BMC again eyes Bandra agiary land


June 27, 2007

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Bombay | Heritage | Mumbai

The Parsi agiary on Hill Road, Bandra (west), is in danger of losing its porch and part of its compound yet again. The civic administration is making another effort to acquire land for widening parts of Hill Road from the existing 60 to 90 feet.

Last year, the civic administration backed off from acquiring land belonging to the Tata Agiary and other heritage structures, like St Stanislaus school and St Andrew’s church, following stiff opposition from residents. The Tata Group of Companies chief Ratan Tata had also appealed to the BMC to not touch the agiary’s land. At that time, the corporation had given a verbal assurance that it would not touch any of these structures or the areas around them, until other open spaces required for the road-widening had been acquired.

The corporation has now once again proposed to acquire setback areas from the junction of S V Road up to St Martin’s Road near the Bandra police station. A civic circular says the fire temple is included in the acquisition plan.

The administration has emphasised that this is the only stretch where it plans to acquire land in the first phase of the widening. “The road leads to the upcoming Bandra-Worli sea link and it is vital to widen it for the smooth flow of traffic,” said an official. The BMC has already concretised the existing road.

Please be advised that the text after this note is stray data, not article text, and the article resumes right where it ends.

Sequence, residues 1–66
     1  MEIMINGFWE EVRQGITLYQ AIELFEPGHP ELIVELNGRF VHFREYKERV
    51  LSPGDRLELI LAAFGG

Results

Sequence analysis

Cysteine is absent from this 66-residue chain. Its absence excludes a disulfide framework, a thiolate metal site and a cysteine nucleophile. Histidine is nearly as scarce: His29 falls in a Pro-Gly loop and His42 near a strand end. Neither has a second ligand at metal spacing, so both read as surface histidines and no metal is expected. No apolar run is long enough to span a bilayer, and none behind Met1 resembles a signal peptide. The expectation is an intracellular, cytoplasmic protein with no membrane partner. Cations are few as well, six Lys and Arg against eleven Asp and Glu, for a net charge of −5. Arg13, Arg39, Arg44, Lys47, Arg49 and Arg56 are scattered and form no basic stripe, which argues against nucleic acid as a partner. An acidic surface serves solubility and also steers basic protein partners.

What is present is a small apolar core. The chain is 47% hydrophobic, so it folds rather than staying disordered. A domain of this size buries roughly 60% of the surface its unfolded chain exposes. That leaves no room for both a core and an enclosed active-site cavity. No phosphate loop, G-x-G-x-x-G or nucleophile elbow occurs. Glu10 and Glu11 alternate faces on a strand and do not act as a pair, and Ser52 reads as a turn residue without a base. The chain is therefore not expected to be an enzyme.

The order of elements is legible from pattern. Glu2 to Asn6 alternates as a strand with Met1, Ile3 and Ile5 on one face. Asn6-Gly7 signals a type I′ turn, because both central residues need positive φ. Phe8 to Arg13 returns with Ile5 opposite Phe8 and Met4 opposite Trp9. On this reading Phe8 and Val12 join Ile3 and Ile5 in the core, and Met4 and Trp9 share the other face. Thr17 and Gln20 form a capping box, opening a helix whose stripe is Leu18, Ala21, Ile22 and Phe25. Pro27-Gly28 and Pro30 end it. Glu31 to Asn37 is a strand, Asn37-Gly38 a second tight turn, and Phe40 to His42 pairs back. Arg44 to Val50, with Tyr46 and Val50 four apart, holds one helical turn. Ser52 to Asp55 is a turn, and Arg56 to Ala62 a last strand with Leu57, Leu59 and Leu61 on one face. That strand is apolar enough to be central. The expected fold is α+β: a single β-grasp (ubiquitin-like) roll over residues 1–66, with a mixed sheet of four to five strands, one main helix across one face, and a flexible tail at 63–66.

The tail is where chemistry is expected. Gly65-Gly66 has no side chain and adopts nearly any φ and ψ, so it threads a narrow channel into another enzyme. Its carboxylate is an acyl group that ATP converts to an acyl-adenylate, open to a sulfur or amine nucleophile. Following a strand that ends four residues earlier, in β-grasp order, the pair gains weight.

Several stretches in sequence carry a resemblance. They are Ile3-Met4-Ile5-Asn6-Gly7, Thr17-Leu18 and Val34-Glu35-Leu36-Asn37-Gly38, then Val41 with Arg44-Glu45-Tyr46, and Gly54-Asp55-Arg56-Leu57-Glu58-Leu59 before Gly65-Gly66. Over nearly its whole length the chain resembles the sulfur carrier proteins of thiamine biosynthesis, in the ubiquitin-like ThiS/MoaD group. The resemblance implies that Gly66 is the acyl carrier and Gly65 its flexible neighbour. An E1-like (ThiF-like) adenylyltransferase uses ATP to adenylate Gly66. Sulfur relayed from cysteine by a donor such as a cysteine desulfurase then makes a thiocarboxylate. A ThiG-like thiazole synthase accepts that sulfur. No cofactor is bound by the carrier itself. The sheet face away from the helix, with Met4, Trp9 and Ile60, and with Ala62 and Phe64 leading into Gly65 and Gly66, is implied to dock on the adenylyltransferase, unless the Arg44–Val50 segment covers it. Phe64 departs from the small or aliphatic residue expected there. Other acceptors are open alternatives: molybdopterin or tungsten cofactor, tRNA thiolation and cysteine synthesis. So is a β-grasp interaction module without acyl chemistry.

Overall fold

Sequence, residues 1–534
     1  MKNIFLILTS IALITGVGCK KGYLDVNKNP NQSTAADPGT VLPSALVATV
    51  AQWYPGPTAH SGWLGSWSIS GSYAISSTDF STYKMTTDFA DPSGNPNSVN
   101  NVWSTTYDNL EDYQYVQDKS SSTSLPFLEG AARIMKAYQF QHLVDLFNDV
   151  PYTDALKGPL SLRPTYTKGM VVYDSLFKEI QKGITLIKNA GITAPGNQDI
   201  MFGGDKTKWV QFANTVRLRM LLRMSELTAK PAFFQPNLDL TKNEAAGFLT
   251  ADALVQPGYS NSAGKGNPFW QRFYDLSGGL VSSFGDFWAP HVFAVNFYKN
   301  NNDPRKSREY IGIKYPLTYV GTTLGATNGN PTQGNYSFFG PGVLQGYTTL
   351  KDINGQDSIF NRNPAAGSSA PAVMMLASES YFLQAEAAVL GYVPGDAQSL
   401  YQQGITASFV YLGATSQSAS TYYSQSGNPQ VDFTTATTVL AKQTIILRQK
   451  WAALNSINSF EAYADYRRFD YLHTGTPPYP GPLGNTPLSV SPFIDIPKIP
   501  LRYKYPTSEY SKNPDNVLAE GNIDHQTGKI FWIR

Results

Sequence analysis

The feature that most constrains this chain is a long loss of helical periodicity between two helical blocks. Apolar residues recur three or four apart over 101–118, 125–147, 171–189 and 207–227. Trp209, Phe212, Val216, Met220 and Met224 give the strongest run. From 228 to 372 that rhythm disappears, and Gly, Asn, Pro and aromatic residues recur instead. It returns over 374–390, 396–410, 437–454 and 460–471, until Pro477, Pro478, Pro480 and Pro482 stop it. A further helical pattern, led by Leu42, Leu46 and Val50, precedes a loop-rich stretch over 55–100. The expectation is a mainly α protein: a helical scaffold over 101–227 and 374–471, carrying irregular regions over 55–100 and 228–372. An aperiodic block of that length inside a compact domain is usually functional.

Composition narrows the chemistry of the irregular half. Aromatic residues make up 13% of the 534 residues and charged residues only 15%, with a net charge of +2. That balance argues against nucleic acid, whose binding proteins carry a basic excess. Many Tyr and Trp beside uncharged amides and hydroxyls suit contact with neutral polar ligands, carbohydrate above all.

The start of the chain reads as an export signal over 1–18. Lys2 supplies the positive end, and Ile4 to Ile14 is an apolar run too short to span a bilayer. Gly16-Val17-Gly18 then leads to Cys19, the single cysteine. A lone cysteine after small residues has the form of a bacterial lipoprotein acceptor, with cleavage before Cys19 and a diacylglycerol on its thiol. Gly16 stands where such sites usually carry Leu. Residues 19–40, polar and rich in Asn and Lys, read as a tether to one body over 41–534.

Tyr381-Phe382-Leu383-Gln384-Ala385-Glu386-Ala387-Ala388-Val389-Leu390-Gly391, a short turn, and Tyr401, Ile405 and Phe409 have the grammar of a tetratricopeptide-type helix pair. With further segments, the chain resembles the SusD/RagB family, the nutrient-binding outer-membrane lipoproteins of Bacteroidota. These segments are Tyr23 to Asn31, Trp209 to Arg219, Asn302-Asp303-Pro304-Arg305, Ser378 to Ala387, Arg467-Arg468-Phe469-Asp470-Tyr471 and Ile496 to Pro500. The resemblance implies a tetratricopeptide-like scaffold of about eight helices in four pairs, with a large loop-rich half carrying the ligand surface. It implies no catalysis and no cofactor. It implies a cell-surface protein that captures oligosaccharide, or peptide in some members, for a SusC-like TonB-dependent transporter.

The acquisition would affect around 39 residential tenements, 62 commercial establishments, the agiary and two structures that form part of the deputy commissioner of police’s office. A majority of the commercial structures in the area are jewellery and hardware stores.

Officials said there are plans to acquire around 19,990 square feet of setback area for the road-widening, which would cost the corporation approximately Rs 3.18 crore. The cost of rehabilitation of residential structures is Rs 1.8 lakh and commercial structures is Rs 4 lakh.

The BMC had earlier offered to shift the residential and commercial structures to Oshiwara, Andheri (west). This plan was rejected by the traders, who said their structures have been around since before 1962. Such a shift would ruin their businesses and livelihoods, they said. “If after so much agitation, the BMC agreed not to acquire the agiary land, how can it now go back on its word? The administration is aware that the agiary is on the list of heritage structures. We will not allow the acquisition under any circumstances,” said Shyama Kulkarni, member of the H-West Residents’ Association.

Kulkarni said the corporation’s current budget can accommodate the construction of a sky walk from Bandra station to St Martin’s Road, on Hill Road. “If this is implemented, then there is no need to acquire more land for widening the road. The BMC should first look at alternatives before touching heritage sites,” she added.